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Engineered antibodies trap and immobilize human sperm in the reproductive tract of female sheep, paving the way for possible use as a nonhormonal contraceptive in people.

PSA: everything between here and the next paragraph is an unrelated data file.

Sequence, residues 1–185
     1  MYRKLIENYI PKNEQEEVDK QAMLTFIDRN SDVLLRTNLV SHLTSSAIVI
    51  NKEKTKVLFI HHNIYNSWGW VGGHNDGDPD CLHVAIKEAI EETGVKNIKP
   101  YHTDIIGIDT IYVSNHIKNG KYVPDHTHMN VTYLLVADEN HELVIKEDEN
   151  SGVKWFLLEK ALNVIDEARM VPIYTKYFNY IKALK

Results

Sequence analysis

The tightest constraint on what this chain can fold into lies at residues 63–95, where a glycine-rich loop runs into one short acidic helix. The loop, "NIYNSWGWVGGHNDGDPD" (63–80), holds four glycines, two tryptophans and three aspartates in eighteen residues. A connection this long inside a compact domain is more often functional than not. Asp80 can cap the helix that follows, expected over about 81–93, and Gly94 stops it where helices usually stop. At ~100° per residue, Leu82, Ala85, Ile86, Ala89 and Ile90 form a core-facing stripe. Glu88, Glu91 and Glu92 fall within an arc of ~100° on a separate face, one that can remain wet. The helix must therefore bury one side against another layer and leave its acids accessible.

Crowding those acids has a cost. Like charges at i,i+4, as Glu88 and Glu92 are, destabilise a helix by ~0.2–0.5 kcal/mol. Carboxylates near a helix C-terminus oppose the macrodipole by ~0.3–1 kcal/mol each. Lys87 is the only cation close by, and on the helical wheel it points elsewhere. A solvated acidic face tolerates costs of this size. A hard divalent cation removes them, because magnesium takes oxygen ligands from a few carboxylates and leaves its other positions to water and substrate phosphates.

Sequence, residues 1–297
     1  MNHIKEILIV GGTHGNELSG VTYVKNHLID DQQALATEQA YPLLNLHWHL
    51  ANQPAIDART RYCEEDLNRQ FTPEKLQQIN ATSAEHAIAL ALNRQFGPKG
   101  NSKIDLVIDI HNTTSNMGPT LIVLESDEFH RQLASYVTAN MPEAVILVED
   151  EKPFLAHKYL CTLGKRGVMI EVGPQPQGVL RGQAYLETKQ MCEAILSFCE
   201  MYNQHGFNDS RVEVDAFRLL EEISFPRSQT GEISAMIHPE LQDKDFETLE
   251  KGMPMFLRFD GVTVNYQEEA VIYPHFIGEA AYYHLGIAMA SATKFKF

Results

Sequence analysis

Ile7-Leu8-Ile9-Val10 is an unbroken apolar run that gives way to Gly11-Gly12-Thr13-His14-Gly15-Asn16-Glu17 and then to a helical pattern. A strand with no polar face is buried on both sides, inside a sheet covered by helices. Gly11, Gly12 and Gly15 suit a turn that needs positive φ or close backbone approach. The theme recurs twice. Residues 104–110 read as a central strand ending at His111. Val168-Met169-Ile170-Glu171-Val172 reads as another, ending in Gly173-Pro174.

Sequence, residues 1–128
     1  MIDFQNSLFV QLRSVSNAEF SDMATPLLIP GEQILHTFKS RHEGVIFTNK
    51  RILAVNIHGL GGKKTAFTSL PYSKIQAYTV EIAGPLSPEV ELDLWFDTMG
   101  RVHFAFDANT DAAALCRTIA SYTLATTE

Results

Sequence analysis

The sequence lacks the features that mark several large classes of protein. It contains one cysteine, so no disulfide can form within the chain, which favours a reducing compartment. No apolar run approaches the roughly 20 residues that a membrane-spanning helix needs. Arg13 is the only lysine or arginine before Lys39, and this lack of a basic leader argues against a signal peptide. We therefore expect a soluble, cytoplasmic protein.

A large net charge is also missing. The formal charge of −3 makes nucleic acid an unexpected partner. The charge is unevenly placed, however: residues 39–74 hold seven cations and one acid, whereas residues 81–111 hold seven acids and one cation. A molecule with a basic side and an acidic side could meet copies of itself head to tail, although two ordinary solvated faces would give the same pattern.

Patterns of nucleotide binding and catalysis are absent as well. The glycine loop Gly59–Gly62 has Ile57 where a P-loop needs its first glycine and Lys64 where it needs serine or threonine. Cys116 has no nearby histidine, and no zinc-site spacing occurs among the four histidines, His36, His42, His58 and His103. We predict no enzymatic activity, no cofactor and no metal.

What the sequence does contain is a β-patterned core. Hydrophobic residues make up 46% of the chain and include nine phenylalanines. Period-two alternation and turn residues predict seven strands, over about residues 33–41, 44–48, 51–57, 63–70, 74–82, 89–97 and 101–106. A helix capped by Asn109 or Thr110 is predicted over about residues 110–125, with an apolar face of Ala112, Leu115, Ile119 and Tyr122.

Currently, most available birth control options are barrier methods or rely on hormones to prevent fertilization of an egg—both of which have drawbacks, such as discomfort or side effects, that make them less than ideal for some people. Enter antisperm antibodies, described in a study published today (August 11) in Science Translational MedicineResearchers generated antibodies that recognize an antigen unique to human sperm. When delivered topically to the reproductive tracts of sheep, the antibodies successfully bound and trapped more than 99.9 percent of introduced human sperm. Some of the authors have spun out a company, Mucommune, in order to continue the development of contraceptives based on these antibodies.

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